Publication bias is a substantial problem for the credibility of research in general and of meta-analyses in particular, as it yields overestimated effects and may suggest the existence of non-existing effects. Although there is consensus that publication bias exists, how strongly it affects different scientific literatures is currently less well-known. We examined evidence of publication bias in a large-scale data set of primary studies that were included in 83 meta-analyses published in Psychological Bulletin (representing meta-analyses from psychology) and 499 systematic reviews from the Cochrane Database of Systematic Reviews (CDSR; representing meta-analyses from medicine). Publication bias was assessed on all homogeneous subsets (3.8% of all subsets of meta-analyses published in Psychological Bulletin) of primary studies included in meta-analyses because publication bias methods do not have good statistical properties if the true effect size is heterogeneous. Publication bias tests did not reveal evidence for bias in the homogeneous subsets. Overestimation was minimal but statistically significant, providing evidence of publication bias that appeared to be similar in both fields. However, a Monte-Carlo simulation study revealed that the creation of homogeneous subsets resulted in challenging conditions for publication bias methods since the number of effect sizes in a subset was rather small (median number of effect sizes equaled 6). Our findings are in line with, in its most extreme case, publication bias ranging from no bias until only 5% statistically nonsignificant effect sizes being published. These and other findings, in combination with the small percentages of statistically significant primary effect sizes (28.9% and 18.9% for subsets published in Psychological Bulletin and CDSR), led to the conclusion that evidence for publication bias in the studied homogeneous subsets is weak but suggestive of mild publication bias in both psychology and medicine.

Publications associated with this project:

  • Aert, Robbie C. M. van, Jelte M. Wicherts, and Marcel A. L. M. van Assen. “Publication Bias Examined in Meta-Analyses from Psychology and Medicine: A Meta-Meta-Analysis.” PLOS ONE 14, no. 4 (April 12, 2019): e0215052.

Open Science & Development Engineering: Evidence to Inform Improved Replication Models EconomicsEngineering and Computer ScienceSSMART

Paul Gertler

Replication is essential for building confidence in research studies, yet it is still the exception rather than the rule. That is not necessarily because funding is unavailable — it is because the current system makes original authors and replicators antagonists. Focusing on the fields of economics, political science, sociology, and psychology, in which ready access to raw data and software code are crucial to replication efforts, we survey deficiencies in the current system.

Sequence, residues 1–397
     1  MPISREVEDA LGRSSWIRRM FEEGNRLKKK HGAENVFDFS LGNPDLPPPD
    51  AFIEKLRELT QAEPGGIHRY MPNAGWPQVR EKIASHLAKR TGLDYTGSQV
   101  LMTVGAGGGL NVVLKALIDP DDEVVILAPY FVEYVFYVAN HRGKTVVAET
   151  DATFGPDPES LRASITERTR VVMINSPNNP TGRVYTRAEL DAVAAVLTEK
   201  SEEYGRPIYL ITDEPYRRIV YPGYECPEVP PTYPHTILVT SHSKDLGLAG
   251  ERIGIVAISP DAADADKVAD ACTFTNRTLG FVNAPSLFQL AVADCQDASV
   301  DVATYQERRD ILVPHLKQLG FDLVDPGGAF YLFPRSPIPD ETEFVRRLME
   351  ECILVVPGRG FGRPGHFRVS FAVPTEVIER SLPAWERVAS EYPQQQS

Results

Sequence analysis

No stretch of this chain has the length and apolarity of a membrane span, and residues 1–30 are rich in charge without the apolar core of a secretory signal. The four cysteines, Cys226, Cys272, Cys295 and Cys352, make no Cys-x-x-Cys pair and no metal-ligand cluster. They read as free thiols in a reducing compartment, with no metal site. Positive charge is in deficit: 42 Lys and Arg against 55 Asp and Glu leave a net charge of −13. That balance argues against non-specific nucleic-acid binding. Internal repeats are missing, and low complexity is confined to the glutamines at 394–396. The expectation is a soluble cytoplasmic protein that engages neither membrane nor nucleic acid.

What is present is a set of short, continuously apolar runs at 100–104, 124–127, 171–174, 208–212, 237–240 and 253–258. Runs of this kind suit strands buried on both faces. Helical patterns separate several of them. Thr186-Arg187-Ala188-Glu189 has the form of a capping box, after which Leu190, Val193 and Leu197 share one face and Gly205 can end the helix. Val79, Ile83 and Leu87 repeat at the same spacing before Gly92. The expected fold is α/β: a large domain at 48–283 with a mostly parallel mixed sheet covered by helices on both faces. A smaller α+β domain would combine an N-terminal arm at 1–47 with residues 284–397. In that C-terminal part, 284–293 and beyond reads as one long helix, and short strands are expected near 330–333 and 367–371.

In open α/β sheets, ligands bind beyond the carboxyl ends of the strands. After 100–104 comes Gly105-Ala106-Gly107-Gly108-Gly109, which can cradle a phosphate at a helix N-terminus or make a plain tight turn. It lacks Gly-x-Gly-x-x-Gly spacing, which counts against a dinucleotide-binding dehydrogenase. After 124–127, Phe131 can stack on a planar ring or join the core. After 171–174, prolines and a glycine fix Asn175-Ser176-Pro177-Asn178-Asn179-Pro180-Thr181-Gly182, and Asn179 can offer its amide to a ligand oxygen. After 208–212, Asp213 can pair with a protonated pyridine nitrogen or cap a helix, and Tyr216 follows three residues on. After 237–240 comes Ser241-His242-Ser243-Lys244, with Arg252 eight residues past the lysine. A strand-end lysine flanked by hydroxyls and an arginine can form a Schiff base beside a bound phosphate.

To see how often the posted data and code could readily replicate original results, we attempted to recreate the tables and figures of a number of papers using the code and data provided by authors. Of 415 articles published in 9 leading economics journals in May 2016, 203 were empirical papers that did not contain proprietary or otherwise restricted data. We were able to replicate only a small minority of these papers. Overall, of the 203 studies, 76% published at least one of the 4 files required for replication: the raw data used in the study (32%); the final estimation data set produced after data cleaning and variable manipulation (60%); the data-manipulation code used to convert the raw data to the estimation data (42%, but only 16% had both raw data and usable code that ran); and the estimation code used to produce the final tables and figures (72%). The estimation code was the file most frequently provided. But it ran in only 40% of these cases. We were able to produce final tables and figures from estimation data in only 37% of the studies analyzed. And in only 14% of 203 studies could we do the same starting from the raw data.

We propose reforms that can both encourage and reinforce better behavior — a system in which authors feel that replication of software code is both probable and fair, and in which less time and effort is required for replication.

Publications associated with this project:

How Often Should We Believe Positive Results? Assessing the Credibility of Research Findings in Development Economics EconomicsSSMART

Eva Vivalt Aidan Coville

Under-powered studies combined with low prior beliefs about intervention effects increase the chances that a positive result is overstated. We collect prior beliefs about intervention impacts from 125 experts to estimate the false positive and false negative report probabilities (FPRP and FNRP) as well as Type S (sign) and Type M (magnitude) errors for studies in development economics. We find that the large majority of studies in our sample are generally credible. We discuss how more systematic collection and use of prior expectations could help improve the literature.

Publications associated with this project:

  • Coville, Aidan, and Eva Vivalt. “How Often Should We Believe Positive Results? Assessing the Credibility of Research Findings in Development Economics.” MetaArXiv, August 13, 2017.